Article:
Evoking Tetsuo, I also think the Akira Soundtrack, another cyberpunk masterpiece, that accompanies MindVision first seconds, Hunger or Begin Self Destruction.
Steel Flesh, Hit That Perfect Beat, possess a video games beat with some samples that sound [chitpune] music. Do you have links with the electro chiptunes world?
Nope, I don’t make chiptune music but will try to make it when I have more time.
P.S.- Hit that perfect beat is a song by “Bronski Beat” I remixed.
Some voices, intonations like Plastic Seagull make me think Max Headroom serie, with some kind of irony and detachment in lyrics.
Didn’t had actually had Max Headroom in mind while I was making it , but yeah it is weird. That is Cyborgs On Crack, experimental and weird. The songs on Drinking Air With Eyes have lyrics that are actually thoughts of me but with a good dose of weird.
The song Concrete Shoes is actually about a guy who is in fear that everybody is looking at him and judging him and at the end he collapses. I actually at one time felt like that ,but without the collapsing part. The track you mentioned has a sample from one of the few books I read, “Jonathan Livingston Seagull“. It’s a recording of an audiobook version.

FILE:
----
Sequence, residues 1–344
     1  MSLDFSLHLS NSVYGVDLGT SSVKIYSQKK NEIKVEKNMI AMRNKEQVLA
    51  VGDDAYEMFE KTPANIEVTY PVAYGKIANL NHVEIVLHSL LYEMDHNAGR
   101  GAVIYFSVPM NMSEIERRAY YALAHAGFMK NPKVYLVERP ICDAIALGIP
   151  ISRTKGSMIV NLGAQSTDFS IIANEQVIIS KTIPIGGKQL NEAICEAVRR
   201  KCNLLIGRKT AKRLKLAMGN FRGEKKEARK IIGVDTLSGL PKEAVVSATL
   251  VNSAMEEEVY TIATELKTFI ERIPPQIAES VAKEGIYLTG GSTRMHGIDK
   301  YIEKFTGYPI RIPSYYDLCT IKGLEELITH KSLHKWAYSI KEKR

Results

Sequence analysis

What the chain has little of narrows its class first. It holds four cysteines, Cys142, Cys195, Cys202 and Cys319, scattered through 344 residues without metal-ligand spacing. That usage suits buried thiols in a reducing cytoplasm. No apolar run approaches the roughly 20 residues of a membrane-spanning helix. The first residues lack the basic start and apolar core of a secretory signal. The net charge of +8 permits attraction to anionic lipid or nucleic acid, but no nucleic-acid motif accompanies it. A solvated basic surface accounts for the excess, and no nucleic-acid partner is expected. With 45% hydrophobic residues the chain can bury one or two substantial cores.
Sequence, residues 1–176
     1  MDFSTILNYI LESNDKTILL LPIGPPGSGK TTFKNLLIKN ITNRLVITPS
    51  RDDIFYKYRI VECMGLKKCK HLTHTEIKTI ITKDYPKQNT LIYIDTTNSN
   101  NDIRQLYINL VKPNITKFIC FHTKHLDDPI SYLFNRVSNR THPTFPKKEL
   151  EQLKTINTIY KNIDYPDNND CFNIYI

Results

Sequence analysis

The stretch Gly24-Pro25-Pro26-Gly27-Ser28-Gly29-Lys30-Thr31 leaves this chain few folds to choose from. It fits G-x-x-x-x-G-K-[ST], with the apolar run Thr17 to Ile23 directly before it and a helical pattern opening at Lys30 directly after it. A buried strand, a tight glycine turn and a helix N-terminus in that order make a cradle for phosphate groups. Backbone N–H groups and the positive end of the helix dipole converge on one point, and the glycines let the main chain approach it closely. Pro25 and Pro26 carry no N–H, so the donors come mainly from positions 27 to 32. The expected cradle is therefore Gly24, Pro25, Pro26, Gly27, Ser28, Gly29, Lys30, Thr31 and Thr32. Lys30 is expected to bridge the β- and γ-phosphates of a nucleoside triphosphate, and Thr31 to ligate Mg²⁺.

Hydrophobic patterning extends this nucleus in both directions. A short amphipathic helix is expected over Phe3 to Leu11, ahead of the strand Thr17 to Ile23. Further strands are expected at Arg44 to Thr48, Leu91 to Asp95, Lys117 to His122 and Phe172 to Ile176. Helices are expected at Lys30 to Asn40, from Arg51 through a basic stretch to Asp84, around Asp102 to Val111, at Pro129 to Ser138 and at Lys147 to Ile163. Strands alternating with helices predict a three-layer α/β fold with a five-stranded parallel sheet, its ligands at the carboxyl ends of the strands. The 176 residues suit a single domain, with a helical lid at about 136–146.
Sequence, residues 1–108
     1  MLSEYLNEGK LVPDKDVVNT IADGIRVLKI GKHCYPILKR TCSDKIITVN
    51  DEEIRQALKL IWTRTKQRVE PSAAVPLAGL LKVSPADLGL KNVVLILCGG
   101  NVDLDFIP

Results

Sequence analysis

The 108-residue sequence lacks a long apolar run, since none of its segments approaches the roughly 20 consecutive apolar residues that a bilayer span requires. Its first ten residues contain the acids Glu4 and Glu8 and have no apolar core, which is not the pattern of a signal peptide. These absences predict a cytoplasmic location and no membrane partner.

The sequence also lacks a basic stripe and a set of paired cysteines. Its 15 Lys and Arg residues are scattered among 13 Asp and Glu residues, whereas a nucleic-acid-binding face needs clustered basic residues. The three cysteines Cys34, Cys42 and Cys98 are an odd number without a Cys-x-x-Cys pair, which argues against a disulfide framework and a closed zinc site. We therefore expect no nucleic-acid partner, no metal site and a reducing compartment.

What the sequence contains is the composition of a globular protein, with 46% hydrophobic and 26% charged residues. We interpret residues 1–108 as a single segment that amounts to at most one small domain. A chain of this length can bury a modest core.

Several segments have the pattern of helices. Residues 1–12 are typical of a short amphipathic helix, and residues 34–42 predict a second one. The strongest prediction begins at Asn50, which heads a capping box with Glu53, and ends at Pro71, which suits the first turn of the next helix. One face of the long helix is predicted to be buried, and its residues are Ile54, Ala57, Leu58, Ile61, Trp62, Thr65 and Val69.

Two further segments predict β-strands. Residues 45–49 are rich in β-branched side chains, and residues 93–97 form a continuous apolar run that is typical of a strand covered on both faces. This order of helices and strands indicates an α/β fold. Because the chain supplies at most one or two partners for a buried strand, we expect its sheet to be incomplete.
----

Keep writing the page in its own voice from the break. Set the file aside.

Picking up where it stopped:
Is Event Horizon, a tribute to B-movie SF / Horror?
Correct! When I finished that song It reminded me of that movie so I named it like that.
Wreckage and TV Gods are pure wonder, tell us more about them. Including where the 00:34 Wreckage sound come from?
TV Gods is my favorite song on that EP. It has a nice fat MinimougeVA bassline with a lot of reverb and a bunch of samples from televangelist shows. That’s why It got that name. The sound at 1:13 is a sample of some show where they performed exorcism on the audience and they all rolled on the ground and had seizures. Then they close up to some woman who was screaming her brains out. It’s just ridiculous. The “damnation no donation no salvation” sample is from the game Grand Theft Auto 2.
Wreckage is the song that really set the sound for Dry Lung Overdrive. Before that, I made like a bunch of songs that seemed boring. Originally this album was going to be Synth Pop kinda like Depeche Mode. But I changed my mind. Back to Wreckage…That day I was messing around with guitar samples and added more and more distortion and then I got the idea of using the delay vst. It had one praticular effect called “Tin Roof” which when you add it gives the sound a steel/metallic sound. The result was better than I expected. The machine like guitar sounds. At 00:34 there is an guitar sample and an printer sound. I’ve found it on some wav site and recorded it. Sounds like a robotic arm moving.
Synth passages and softer rhythm sounds like compositions of John Carpenter, as Whisper.
Whisper is one of the best songs I made. I love it. It just started as a simple bassline and grew into a mystic track. Ivan’s vocals fit perfect!
Attention Thermal Resolution, Who is Justin Bieber are very close to dance, which links your music had with rave / club electro?